Ferguson makes some good points in his article about the corrupting effects on conservative activists of ten years in power. But this particular passage is just silly. Granted, the contemporary writers and works he mentions are, shall we say, not of the highest intellectual quality. But why take these as representative of “conservative books”? Why not cite instead the sorts of books produced by authors associated with publications like City Journal, Commentary, First Things, The New Criterion, or any of a number of other intellectually serious conservative journals? It’s not as if people like Theodore Dalrymple, Gertrude Himmelfarb, Roger Kimball, Fr. Richard Neuhaus, Michael Novak, and George Weigel stopped writing after 1994.
Or why not cite the many important works produced by conservative philosophers like Roger Scruton and John Kekes, several of which have been published within the last decade or so? Scruton’s many books on modern politics, sexual morality, aesthetics and architecture, globalization, and a host of other issues constitute as wide-ranging, systematic, and powerful a critique of liberal moral, political and cultural assumptions as has ever been produced. Kekes’s trilogy Against Liberalism, A Case for Conservatism, and The Illusions of Egalitarianism comprise a sustained challenge to the prevailing orthodoxies in contemporary political philosophy. And there are many other important authors and works in philosophy that could be cited, such as Anthony O’Hear’s Beyond Evolution and After Progress, or David Oderberg’s Moral Theory: A Non-Consequentialist Approach and Applied Ethics: A Non-Consequentialist Approach, a pair of volumes that represent the most thorough and vigorous defense of traditional morality to have appeared within mainstream philosophy in decades.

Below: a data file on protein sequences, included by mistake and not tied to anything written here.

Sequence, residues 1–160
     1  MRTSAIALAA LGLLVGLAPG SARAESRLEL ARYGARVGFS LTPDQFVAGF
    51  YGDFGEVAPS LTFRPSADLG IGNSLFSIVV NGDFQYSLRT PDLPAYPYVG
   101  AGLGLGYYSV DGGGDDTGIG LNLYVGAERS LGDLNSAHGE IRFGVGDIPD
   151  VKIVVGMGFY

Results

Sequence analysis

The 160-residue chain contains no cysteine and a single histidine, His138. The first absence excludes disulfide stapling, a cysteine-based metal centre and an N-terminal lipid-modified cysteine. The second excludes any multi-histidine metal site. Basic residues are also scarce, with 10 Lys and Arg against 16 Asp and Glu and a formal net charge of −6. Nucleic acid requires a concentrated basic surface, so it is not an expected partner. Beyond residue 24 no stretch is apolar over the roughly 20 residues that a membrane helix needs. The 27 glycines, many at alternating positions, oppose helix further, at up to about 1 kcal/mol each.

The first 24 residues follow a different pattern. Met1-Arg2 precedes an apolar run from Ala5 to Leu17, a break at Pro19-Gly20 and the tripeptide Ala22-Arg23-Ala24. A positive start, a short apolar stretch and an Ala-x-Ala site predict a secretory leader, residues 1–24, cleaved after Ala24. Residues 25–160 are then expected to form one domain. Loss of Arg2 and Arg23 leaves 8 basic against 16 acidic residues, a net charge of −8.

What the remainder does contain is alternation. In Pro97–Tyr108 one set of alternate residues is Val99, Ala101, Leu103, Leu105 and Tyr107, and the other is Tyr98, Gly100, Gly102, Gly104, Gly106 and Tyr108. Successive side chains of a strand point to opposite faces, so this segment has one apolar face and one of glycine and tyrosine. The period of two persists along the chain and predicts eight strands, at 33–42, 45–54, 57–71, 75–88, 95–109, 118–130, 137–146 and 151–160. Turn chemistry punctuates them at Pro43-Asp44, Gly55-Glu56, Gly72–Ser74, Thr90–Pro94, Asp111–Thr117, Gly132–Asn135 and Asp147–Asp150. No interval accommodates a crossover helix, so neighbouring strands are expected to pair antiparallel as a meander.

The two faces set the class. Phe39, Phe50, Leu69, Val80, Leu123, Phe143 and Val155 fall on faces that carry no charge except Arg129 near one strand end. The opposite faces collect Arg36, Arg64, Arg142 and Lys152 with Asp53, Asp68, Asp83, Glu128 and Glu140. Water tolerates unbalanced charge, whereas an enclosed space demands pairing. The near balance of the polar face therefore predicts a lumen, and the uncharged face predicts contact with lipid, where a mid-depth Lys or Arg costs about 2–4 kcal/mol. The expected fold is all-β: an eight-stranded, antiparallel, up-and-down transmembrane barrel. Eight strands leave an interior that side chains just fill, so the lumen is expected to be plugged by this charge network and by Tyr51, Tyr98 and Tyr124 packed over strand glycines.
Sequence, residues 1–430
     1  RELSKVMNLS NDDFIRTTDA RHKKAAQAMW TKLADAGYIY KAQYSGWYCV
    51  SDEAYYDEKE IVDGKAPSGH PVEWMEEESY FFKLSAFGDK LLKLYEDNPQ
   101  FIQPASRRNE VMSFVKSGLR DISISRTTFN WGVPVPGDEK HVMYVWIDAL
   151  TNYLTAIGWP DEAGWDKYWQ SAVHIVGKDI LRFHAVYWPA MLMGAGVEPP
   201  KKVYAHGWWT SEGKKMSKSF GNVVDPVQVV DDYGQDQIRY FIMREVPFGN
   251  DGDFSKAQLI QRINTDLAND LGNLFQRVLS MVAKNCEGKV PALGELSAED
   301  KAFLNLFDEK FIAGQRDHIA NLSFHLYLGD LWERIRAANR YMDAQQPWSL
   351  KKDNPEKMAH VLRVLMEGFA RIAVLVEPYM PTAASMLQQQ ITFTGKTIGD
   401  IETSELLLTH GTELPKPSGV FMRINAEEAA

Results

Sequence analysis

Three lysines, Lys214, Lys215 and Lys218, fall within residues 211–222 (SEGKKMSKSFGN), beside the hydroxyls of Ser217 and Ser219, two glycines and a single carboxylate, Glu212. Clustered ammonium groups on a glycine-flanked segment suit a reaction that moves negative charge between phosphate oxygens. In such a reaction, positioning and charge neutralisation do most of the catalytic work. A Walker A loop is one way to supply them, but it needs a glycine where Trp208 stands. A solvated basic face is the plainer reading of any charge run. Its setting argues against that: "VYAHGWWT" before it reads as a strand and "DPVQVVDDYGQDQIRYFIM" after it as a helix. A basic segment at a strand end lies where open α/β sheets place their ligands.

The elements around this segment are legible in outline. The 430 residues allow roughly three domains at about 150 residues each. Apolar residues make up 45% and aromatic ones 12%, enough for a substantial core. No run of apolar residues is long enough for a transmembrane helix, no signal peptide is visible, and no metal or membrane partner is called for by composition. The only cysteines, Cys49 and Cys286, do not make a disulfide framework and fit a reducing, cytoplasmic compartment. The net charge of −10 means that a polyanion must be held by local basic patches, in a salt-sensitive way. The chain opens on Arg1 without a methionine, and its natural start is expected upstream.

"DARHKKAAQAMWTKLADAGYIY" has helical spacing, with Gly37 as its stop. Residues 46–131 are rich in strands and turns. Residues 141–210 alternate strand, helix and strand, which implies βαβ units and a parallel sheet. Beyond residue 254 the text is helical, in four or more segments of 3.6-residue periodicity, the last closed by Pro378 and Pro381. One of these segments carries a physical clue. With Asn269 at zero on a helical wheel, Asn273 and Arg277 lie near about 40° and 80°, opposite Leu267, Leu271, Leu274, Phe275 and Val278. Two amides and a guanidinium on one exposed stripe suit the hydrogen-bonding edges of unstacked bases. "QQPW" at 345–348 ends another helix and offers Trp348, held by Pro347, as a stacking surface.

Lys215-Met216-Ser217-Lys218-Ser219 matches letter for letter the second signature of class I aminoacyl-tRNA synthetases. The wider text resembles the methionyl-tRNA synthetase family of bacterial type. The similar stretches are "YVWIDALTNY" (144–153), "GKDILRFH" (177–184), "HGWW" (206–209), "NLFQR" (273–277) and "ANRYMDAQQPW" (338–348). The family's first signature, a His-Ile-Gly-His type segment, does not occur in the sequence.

I emphasize such philosophical works not only because this is a blog devoted to philosophy, but also because their existence shows that there are writers within the conservative movement who are capable not only of producing clever analyses of current policy questions, but also of taking things down to first principles in a way that meets the highest standards of rigor. Of course, there are many conservative authors and books in academic disciplines outside of philosophy that could also be mentioned, many of them much better known to mainstream conservative writers like Ferguson than the philosophers just mentioned probably are. Hadley Arkes, Robert P. George, John Lukacs, Thomas Sowell, Stephen and Abigail Thernstrom, and James Q. Wilson would be a few examples, and they have all written serious books within the last decade. And then there are libertarian scholars like Richard Epstein, Randy Barnett, and many others, who have also published substantial works over the last ten years.
Yet the only authors Ferguson can think to cite are the likes of Michael Savage and Sean Hannity? This is the kind of thing I would sooner expect from the sort of ignorant academic leftist who seriously thinks that conservatives who call for a more balanced curriculum want to put Ann Coulter’s latest tome on the political philosophy reading list. Ferguson should know better.
Wednesday, September 14, 2005
Edward Feser makes some good points about the selectivity of Andrew Ferguson's examples of current "mainstream" conservative thought: